Rotund comic actor and singer Stubby Kaye (b. New York City, 11 November 1918; d. Rancho Mirage, CA, 14 December 1997) had the memorable distinction of introducing three of the greatest Broadway show-stopping musical numbers of the 1950s: “Fugue for Tinhorns” (“I’ve got the horse right here”) and “Sit Down, You’re Rockin’ the Boat” as Nicely-Nicely in Guys and Dolls (1950), and, as Marryin’ Sam in Li’l Abner (1956), “Jubilation T. Cornpone.”
Born on Armistice Day, the last day of the First World War, Bernard Kotzin was a second-generation Jewish American of Russian and Austrian descent. Born in the Morningside Heights section of Manhattan, he grew up in Far Rockaway and The Bronx, and kept his real name a secret for his entire career. In 1939 he won a contest on Major Bowes’ Amateur Hour radio program, and spent the next decade touring on the vaudeville circuit as a singing comedian. During World War II he also appeared often with the USO.
He finally got a big role on Broadway in 1950 when he created the lovable Nicely-Nicely Johnson in Frank Loesser’s smash hit Guys and Dolls. The show ran for three years (1200 performances) although Stubby Kaye left some months before it closed, replaced by Jack Prince (the same actor who would replace him as Marryin’ Sam five years later). Close on the heels of that success came Li’l Abner, in which the roly-poly Kaye incongruously led the high-steppin’ Dogpatch chorus in “Jubilation T. Cornpone.”
Kaye was already guest-starring on television in the mid-fifties (The Martha Raye Show, The Gisele MacKenzie Show. The Pat Boone Chevy Showroom), even appearing in two made-for-TV movies in between the filmings of Guys and Dolls (1955) and Li’l Abner (1959). Red Skelton capitalized on Li’l Abner’s popularity in 1960, presenting a sketch with much of the movie (and Broadway) cast, including Kaye and Peter Palmer, called “Clem Kadiddlehopper in Dogpatch.” Kaye would appear on three more episodes of The Red Skelton Hour before 1966.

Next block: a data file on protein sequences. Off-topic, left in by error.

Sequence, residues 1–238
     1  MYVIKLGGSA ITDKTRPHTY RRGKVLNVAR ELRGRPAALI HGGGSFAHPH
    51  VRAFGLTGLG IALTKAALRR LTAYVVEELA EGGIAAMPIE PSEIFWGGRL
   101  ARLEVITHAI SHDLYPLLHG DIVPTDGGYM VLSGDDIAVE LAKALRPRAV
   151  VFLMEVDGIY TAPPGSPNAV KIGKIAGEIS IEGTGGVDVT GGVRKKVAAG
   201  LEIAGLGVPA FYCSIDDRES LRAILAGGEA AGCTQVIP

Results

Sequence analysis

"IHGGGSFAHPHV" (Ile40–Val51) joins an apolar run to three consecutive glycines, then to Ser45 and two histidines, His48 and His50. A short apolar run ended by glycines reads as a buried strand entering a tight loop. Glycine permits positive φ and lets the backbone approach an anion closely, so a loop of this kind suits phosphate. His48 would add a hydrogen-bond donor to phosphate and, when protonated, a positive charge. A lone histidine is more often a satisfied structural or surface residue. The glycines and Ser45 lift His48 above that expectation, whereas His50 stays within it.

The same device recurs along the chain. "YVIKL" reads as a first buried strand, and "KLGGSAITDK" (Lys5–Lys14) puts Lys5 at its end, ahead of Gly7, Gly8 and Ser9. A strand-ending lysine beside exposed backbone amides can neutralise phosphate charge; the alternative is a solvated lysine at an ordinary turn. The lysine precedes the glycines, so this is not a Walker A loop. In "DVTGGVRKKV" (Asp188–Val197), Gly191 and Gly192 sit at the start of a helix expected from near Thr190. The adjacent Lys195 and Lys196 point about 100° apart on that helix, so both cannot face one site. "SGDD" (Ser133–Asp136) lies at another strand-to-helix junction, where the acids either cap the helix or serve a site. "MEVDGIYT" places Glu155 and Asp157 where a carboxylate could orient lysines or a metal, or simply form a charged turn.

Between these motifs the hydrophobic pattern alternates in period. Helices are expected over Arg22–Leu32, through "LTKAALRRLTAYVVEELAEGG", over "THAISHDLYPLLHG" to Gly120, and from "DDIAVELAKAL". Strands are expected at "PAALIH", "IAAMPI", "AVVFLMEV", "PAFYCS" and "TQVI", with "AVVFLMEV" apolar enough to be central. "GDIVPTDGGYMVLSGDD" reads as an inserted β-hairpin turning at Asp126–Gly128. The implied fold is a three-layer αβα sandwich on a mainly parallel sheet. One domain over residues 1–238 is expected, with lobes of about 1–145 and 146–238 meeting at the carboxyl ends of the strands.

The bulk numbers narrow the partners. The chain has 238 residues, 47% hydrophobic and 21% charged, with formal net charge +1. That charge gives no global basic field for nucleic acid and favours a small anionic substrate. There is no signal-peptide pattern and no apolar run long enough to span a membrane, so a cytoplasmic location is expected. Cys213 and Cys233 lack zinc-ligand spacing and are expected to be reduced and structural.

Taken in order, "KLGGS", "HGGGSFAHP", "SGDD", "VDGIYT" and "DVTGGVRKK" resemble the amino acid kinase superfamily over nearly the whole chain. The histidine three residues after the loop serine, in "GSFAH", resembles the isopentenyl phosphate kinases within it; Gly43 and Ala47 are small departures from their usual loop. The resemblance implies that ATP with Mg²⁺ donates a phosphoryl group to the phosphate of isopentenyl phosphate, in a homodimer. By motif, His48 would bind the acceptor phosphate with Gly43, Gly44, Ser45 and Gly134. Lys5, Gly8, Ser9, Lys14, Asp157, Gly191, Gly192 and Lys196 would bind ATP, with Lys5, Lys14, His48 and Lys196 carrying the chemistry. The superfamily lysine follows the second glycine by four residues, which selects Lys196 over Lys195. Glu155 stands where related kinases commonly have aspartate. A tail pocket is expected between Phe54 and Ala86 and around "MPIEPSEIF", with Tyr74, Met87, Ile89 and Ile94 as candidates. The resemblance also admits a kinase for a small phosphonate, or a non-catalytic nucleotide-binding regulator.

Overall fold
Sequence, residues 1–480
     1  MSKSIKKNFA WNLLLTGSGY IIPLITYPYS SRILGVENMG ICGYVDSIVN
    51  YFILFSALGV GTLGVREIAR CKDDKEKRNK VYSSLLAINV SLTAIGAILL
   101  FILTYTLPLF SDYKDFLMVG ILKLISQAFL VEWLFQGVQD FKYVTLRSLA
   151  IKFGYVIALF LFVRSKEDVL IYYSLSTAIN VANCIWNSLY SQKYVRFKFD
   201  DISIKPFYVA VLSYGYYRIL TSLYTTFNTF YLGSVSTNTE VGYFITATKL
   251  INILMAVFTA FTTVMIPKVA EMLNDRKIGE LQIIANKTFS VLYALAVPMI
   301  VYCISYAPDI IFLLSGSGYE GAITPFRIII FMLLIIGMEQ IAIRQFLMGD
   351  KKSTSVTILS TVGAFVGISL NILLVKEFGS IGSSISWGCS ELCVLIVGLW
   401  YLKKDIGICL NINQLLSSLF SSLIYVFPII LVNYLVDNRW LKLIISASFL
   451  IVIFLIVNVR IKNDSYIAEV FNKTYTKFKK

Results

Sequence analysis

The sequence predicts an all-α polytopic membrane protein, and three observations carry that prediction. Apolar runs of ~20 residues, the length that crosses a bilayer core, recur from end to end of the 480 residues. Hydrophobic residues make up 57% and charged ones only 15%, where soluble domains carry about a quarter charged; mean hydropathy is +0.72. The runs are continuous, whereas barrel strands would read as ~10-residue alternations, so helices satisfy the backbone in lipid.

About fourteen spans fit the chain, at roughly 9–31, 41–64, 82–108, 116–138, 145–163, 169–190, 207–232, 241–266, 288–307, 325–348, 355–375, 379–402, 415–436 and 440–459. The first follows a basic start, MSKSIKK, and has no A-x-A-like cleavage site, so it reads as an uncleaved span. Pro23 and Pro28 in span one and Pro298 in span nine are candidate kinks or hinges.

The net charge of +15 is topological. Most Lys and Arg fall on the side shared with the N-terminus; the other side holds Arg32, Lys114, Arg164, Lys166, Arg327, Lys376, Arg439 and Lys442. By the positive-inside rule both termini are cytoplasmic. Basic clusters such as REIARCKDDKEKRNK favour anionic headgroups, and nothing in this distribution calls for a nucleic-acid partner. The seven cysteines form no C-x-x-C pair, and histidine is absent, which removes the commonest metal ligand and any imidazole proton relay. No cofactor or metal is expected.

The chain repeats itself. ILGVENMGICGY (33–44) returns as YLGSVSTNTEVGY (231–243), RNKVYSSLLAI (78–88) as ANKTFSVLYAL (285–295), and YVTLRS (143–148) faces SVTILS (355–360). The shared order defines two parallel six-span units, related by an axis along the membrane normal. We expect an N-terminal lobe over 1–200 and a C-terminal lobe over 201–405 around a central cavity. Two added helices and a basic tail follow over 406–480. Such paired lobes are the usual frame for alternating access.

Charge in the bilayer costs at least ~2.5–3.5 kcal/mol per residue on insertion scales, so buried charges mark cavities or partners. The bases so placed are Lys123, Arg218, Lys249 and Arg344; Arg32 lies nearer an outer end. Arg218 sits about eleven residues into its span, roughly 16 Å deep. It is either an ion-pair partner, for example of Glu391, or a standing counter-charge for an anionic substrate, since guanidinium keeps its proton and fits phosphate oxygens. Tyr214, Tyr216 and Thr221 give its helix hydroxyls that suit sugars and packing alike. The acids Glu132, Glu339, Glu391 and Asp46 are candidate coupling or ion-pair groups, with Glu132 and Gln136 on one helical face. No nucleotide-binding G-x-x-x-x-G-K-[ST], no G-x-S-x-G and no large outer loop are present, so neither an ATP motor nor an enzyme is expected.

After the Li’l Abner film, Stubby Kaye’s television career burgeoned, and he returned only four times to Broadway (in Everybody Loves Opal 1961, in Good News 1974, as Jack Weston‘s replacement in The Ritz 1975, and in Grind 1985) but these shows were mostly flops. He embarked in 1959 on eighteen episodes of the television series Love and Marriage, and also appeared on The Millionaire and Startime.
Another extended series, My Sister Eileen (1960–61), found Stubby Kaye as Marty Scott, agent of the aspiring actress who is Ruth Sherwood’s sister. Over the following decade, Kaye appeared as a guest on Ensign O’Toole, Alfred Hitchcock, Burke’s Law, The Smothers Brothers, and The Monkees, and hosted his own very popular children’s game show series on Saturday mornings, Shenanigans (1964–65). He also made about a dozen movies, among them notably Sex and the Single Girl (1964), Cat Ballou with Jane Fonda (in which he got to sing duets with Nat King Cole), and Sweet Charity (1969) with Shirley MacLaine.
Nightclubs and touring musicals were always part of Kaye’s performing experience. He toured as Tevye in Fiddler on the Roof, and lived for some time in England, where he met and married Angela Bracewell, a former dancer, later hostess of “Val Parnell’s Sunday Night at the London Palladium.” (Kaye’s previous marriage had lasted only a year.) He worked in television in the UK, returning in 1971 for appearances on Love, American Style and Adam-12.
Kaye had small parts in a few unremarkable films in the seventies, and did a little work in television in the eighties (Laverne & Shirley, Harper Valley, Ellis Island), but his last movie, Who Framed Roger Rabbit? (1988), in which he acts in scenes with cartoon characters, is most remarkable. At about the same time, he appeared as a guest in the British science fiction series, Doctor Who.
Stubby Kaye spent the last ten years of his life in bad health, finally dying of lung cancer. His wife survived him.
– Lucy E. Cross